Equality in law and in social situations is the central focus of Women’s Right advocates.  Despite plethora of domestic and international instruments affirming their human rights, women are more likely than men to be poor and illiterate. They have less access to property ownership, credit, training, employment and suffer various forms of mental and physical abuse.
  The limitation appears to make them second class citizens. Sadly, government efforts to address the situation are often frustrated by lack of trained manpower and resources to enforce the laws on violation of Women’s Rights. Hence the agitation for effective enforcement of law that protects Women’s Rights by women’s Rights advocate.
  Legal framework for women’s rights in Nigeria is based on the Constitution primarily, other local laws and international treaties relating to women ratified by the country. Some of the instruments that address the anomaly through domestic law are as follows:
  Constitution of Federal Republic of Nigeria: Chapter IV provision on fundamental Human Rights provides for equality in law and social situations of men and women.
  The Violence against Persons (Prohibition) Act, 2015 signed into law on the 25th of May 2015
  The Administration of Criminal Justice Act 2015
The Nigerian Criminal Code Act of 1990
  Gender and Equal Opportunities Law 2007 by the states of Anambra and Imo, providing for affirmative action measures to redress under-representation of women in appointive and elective positions and prohibiting discrimination in areas such as education and employment.
  The adoption of laws protecting the rights of widows in several states: Enugu (2001), Oyo (2002), Ekiti (2002), Anambra (2004), and Edo (2004).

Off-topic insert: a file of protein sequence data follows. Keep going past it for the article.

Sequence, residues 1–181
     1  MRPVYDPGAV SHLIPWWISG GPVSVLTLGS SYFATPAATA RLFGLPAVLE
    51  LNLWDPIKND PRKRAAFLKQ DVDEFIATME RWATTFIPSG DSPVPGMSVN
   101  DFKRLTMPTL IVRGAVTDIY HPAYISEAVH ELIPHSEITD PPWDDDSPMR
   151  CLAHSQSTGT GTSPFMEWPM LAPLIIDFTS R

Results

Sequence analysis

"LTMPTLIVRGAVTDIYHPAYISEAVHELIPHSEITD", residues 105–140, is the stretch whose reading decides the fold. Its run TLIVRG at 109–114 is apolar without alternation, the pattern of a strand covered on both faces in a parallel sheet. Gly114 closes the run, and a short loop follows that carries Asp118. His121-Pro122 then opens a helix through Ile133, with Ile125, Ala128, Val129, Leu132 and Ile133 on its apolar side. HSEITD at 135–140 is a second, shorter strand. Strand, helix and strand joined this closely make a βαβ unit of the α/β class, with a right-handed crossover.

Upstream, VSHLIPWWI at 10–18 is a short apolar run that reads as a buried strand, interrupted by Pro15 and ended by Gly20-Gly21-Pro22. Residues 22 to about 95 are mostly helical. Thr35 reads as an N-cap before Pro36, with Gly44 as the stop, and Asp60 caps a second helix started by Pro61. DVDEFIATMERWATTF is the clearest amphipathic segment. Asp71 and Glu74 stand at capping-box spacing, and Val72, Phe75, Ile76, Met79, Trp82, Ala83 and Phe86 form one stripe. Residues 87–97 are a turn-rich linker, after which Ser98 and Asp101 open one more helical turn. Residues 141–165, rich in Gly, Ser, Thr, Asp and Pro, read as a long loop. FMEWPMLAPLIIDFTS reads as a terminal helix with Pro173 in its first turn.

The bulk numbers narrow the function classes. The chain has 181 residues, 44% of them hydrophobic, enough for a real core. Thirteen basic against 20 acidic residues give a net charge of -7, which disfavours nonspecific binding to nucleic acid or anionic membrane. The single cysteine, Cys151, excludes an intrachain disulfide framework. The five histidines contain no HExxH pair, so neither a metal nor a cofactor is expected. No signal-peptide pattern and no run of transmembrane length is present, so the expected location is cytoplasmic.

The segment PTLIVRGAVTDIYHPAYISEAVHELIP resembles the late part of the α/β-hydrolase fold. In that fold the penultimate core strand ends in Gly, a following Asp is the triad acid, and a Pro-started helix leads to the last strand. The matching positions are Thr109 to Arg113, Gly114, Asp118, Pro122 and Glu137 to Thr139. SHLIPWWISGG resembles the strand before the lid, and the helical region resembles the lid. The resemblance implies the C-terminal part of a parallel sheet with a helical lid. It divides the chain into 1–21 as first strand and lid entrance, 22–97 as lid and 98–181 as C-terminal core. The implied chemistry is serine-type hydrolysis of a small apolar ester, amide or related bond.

Relevant case laws: Mojekwu v. Mojekwu (1997) 7 NWLR (Pt. 512), Ukeje v Ukeje SC.224/2004.
Nigeria’s core international human right treaties and instruments that protects Women’s Rights:
  Article 1 of the Universal Declaration of Human Rights (UDHR) provides that ‘All human beings are born free and equal in dignity and rights’
  Article 7 of the Convention on the Elimination of All forms of Discrimination against Women (CEDAW) provides for the elimination of discrimination against women in political and public life. Article 5 encourages states to take measures to eliminate prejudices and stereotypes against women.
Declaration on Gender Equality in Africa reaffirms the principle of gender equality as enshrined in Article 4(1) of the Constitutive Act of the African Union. In chapter 7, member states declare “to actively promote the implementation of legislation to guarantee women’s land, property and inheritance rights including the right to housing”.
  Article 18 of the The African Charter on Human and Peoples Rights (ACHPR) states that “the State shall ensure the elimination of every discrimination against women and also ensure the protection of the rights of women….”
   Article 21 of The Protocol to the Charter on Human and Peoples Rights on the Rights of Women in Africa (ratified by Nigeria in 2004) states that: “a widow/widower shall have the right to inherit each other’s property in the event of death, whatever the matrimonial regime, to continue living in the matrimonial home”. Sub paragraph (2) of the above states that “women and girls shall have same rights as men and boys to inherit in equal shares their parents properties”
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